4- Discuss the challenges and opportunities associated with planning and developing marketing strategy in today’s economy. Why is marketing strategy both exciting and

challenging?

ANS:
One of the greatest frustrations and opportunities in marketing is change—customers change, competitors change, and even the marketing organization changes. Strategies

that are highly successful today will not work tomorrow. Customers will buy products today that they will have no interest in tomorrow. These are truisms in marketing.

Although frustrating, challenges like these also make marketing extremely interesting and rewarding. Another fact about marketing strategy is that it is inherently

people driven. Marketing strategy is about people (inside an organization) trying to find ways to deliver exceptional value by fulfilling the needs and wants of other

people (customers, shareholders, business partners, society at large), as well as the needs of the organization itself.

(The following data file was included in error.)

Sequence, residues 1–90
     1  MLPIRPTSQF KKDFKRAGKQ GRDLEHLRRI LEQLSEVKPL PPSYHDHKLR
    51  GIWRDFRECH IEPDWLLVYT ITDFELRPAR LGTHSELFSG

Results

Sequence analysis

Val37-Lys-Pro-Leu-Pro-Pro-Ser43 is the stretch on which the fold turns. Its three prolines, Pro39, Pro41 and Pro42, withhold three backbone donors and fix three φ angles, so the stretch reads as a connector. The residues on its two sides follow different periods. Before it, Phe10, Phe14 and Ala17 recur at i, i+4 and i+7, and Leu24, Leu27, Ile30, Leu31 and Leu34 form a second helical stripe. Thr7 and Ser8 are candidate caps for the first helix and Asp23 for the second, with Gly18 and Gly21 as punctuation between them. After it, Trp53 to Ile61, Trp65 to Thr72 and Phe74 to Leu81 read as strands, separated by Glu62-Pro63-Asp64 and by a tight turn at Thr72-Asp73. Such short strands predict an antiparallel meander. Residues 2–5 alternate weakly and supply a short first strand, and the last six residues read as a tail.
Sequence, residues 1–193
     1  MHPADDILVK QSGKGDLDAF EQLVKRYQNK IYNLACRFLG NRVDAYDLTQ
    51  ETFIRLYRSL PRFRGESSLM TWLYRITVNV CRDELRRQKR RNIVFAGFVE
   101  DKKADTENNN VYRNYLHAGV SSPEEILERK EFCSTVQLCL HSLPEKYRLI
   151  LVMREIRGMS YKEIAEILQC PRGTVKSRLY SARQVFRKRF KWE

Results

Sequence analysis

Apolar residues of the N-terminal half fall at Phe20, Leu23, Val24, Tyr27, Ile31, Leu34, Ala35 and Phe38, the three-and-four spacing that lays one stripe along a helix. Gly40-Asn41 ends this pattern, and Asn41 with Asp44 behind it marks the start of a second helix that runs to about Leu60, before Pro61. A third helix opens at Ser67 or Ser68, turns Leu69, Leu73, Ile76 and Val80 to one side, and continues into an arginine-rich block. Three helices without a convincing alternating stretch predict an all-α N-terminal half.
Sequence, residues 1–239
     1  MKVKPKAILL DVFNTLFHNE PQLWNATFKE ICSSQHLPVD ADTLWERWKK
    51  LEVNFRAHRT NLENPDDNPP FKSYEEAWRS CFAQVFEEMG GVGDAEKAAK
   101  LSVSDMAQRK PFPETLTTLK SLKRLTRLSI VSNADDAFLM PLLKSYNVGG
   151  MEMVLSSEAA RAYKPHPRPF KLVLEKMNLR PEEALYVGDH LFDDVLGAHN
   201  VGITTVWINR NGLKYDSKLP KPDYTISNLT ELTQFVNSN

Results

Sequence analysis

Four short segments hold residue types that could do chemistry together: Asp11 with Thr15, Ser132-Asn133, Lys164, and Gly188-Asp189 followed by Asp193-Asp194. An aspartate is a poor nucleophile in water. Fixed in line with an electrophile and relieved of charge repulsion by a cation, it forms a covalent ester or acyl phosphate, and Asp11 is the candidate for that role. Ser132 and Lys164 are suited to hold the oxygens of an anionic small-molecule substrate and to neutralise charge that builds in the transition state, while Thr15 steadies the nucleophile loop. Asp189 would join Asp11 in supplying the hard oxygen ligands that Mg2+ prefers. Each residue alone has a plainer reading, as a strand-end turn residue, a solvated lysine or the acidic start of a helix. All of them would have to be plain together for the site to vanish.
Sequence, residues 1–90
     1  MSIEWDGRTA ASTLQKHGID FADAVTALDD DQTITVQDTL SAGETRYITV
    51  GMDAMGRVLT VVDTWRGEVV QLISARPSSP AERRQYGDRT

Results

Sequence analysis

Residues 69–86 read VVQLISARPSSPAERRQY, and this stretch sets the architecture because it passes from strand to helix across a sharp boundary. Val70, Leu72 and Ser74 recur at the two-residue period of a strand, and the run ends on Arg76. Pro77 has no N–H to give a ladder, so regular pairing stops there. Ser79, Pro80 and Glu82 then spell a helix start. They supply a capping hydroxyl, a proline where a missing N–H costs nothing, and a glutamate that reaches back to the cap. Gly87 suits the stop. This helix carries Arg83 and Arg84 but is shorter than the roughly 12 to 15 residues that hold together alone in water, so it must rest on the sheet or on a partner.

The combination of continual change and the people-driven nature of marketing makes developing and implementing marketing strategy a challenging task. A perfect

strategy that is executed perfectly can still fail. This happens because there are very few rules for how to do marketing in specific situations. In other words, it is

impossible to say that given “this customer need” and these “competitors” and this “level of government regulation” that Product A, Price B, Promotion C, and

Distribution D should be used. Marketing simply doesn’t work that way. The lack of rules and the ever-changing economic, sociocultural, competitive, technological, and

political/legal landscapes make marketing strategy a terribly fascinating subject.

5-. Why have ethics and social responsibility become so important in recent years? Why is it important that marketing ethics be incorporated into the firm’s

strategic plan?